I was recently asked to participate in an opinion survey feedback to management in order for them to compare their own views, superior views, peer views, and subordinate views. This data is then to be used by the reviewee as a self improvement tool. In order to get honest feedback, a commercial P.C. software package called "2020" was used as a survey tool. This package is supposed to protect your anonymity. It also uses a user supplied password on each diskette to prevent anyone reading your responses. The responses are then collected by a master program and combined with everyone else's responses. Only the combined result is seen, individual responses are not ever seen or tracked. At least, that's the theory. Since privacy and encryption have been a long time interest of mine, I decided to take a look at the files. The first thing I saw was that both my name and my reviewee's name were embedded in the data area. The next thing I saw was that free form comments were stored in clear ascii. You lose the formatting, but any file viewer could see the comments. I used a hex editor to change some of the comments then reinvoked the program to see if it would detect the changes. It never noticed a thing. It obviously didn't use a digital signature or even a simple checksum. The cherry on top was the password. It only uses 0-9 & A-Z (uppercase). The password was stored encrypted: down-1 and backward. Thus a password of "simple6" was stored as "5DKOLHR". This took me all of the commercial breaks while watching Star Trek Voyager to find and figure out. The net result was that I chose not to participate in the anonymous feedback survey. email@example.com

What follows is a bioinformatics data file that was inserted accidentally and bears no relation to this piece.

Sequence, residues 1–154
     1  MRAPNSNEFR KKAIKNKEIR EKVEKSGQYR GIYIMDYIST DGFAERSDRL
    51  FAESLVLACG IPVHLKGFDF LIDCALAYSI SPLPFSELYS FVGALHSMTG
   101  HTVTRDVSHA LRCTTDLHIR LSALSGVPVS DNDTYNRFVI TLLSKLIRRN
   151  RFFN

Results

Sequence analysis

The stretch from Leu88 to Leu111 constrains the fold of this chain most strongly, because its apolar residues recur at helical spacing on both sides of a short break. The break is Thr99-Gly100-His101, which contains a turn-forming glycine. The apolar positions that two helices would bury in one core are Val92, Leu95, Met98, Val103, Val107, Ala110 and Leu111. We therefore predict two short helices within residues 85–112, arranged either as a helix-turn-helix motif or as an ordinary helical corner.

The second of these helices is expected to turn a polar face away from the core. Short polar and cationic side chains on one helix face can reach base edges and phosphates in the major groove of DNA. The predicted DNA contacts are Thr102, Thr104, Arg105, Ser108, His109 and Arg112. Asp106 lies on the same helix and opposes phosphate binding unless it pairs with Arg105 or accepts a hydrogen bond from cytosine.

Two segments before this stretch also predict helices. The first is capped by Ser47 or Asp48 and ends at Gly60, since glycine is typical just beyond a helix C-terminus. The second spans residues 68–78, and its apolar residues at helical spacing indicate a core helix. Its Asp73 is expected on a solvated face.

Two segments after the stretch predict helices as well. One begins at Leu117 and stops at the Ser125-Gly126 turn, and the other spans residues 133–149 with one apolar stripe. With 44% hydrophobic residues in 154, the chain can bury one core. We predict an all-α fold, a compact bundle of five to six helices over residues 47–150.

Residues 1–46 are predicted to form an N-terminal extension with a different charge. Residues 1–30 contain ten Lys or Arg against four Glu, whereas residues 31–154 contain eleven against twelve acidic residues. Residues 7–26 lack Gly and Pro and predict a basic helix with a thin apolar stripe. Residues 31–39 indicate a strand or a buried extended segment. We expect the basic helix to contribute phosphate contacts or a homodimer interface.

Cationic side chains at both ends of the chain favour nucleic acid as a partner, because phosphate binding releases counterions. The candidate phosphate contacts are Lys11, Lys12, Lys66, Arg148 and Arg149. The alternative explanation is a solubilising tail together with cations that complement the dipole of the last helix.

Today I received an interesting letter from NYNEX (nee NY Telephone, the local telephone service provider in NY City): Our records indicate that you requested All-Call Restrict Service on your telephone line... During a recent system check, we discovered that All-Call Restrict Service was not in place on some lines which it had been requested. We are in the process of checking every All-Call Restrict line and correcting this problem where it exists. As soon as we complete the checking and correction process, we will confirm the status of All-Call Restrict on your line through a special notification. In other words, you might have thought you had Caller-ID disabled when you make calls from your line, because you ordered it and NYNEX sent you a confirmation notice six or seven months ago, but unless you independently verified that it was in place, you might have been sending your number all this time. I can tell whether my line is sending caller-ID because I can call a friend with a display and ask him. But as usual, there is no way the local telco can tell you what your lines settings are. Call the billing office, and they will describe what you have ordered and what was reported to have been installed, but what is actually on the line? It would be nice if you could dial a number and have a voice robot read back to you the settings actually in place — surely this is possible with today's digital exchanges, if anyone thought to implement it. Given how many different settings you can have with today's phone lines in the USA (call forwarding, speed dialing, send or don't send Caller ID, choice of long distance carrier, etc), we already need it.